Britain’s Phil Sharp announced this week that he will have the third Sam Manuard designed IMOCA to be built by Black Pepper Yachts. One of the most successful Class40 skippers of recent years, is also a highly talented mechanical engineer. With his OceansLab he plans to highlight the hydrogen fuel cell technology system which he co-invented and is presently commercialising for the leisure and commercial marine sectors. His plans are to launch his boat in late July for trials and training in August and September before taking part in the Defi Azimut, the Transat Jacques Vabre and the solo Retour a la base race back to France and thereafter the full Imoca Globe Series. Tip & Shaft spoke to the La Rochelle based skipper.
► Flesh out some details of your funding package, how are you financing your programme and what is your budget?
The way we have structured the boat (cost 5 million euros) is to look for one third capital to fund the boat against two thirds of debt. We started off the investment round with a seed investor who previously supported our Class40 project who put up a lump sum to kick off the project and that really helped us sell the project to other investors. Gradually we managed to meet our capital requirement, the boatyard Black Pepper are an investor in the project – and will own a share of the boat – because they really believe in in the project and the technology. They are interested in embracing the hydrogen technology as well for other production vessels and prototypes they will be producing. It is a strong collaboration with Black Pepper. The other two thirds is financed by a bank which is a classic way of doing things. And we also had to demonstrate we had a base support from sponsors. We will be announcing some partners over the next few weeks. Nealry all those partners almost have some connection with the project either in the hydro space or technology transfer. We are really looking at sharing our vision of decarbonising the marine sector.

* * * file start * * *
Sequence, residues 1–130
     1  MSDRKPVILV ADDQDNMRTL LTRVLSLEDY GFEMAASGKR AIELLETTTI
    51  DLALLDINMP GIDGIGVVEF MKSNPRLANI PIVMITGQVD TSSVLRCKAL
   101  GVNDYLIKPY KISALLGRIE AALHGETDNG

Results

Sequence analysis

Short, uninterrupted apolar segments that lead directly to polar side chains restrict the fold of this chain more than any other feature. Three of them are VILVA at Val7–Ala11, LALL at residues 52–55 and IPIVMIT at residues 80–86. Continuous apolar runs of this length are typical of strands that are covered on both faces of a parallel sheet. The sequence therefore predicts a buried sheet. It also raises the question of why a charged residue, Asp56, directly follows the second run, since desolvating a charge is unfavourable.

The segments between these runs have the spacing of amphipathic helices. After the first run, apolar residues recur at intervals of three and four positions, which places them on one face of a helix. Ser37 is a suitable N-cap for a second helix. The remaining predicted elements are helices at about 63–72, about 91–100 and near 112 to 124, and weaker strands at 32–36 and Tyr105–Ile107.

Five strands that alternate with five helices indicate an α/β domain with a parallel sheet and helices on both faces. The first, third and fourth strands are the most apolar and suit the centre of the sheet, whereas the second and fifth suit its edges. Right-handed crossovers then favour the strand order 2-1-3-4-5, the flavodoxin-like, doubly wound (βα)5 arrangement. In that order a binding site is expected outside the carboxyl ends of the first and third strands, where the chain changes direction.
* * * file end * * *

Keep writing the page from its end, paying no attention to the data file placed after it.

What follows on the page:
► So what will your global budget be?
We have a minimum target budget of €2.5m per annum. We are looking to develop that throughout the Imoca Globe Series programme in order that we can compete in The Ocean Race in 2027 when we will be looking to be at €3.5m per year. OceansLab is a four year project culminating in The Ocean Race in 2027 with this boat. We need to keep the boat up to date, especially foils.
► What would a headline sponsor cost be?
We are looking to €2m for naming rights, main hull and sail branding.
► What actually allowed you to press the ‘go’ button in early December?
That was when we had secured the last investor and had the go ahead from the bank. And then enabled us to sign the build contract. It was the signing of that which meant we really have a project. Until you have a boat, in this Imoca domain, it is all hot air!
“I like Sam’s pragmatic approach”
► Why this boat?
The boat was available, I like the Manuard concept, I’ve sailed on Manuard boats a lot. My Class 40 was a Manuard design, I sailed on Manuard Minis a lot and I like Sam’s pragmatic approach. I know him from Minis in 2005. I think the boats are a great concept for the Vendee Globe it is a stable platform which is easier to sail than other designs, it has great form stability, and it is a very versatile package that you need to do well on the Vendee Globe.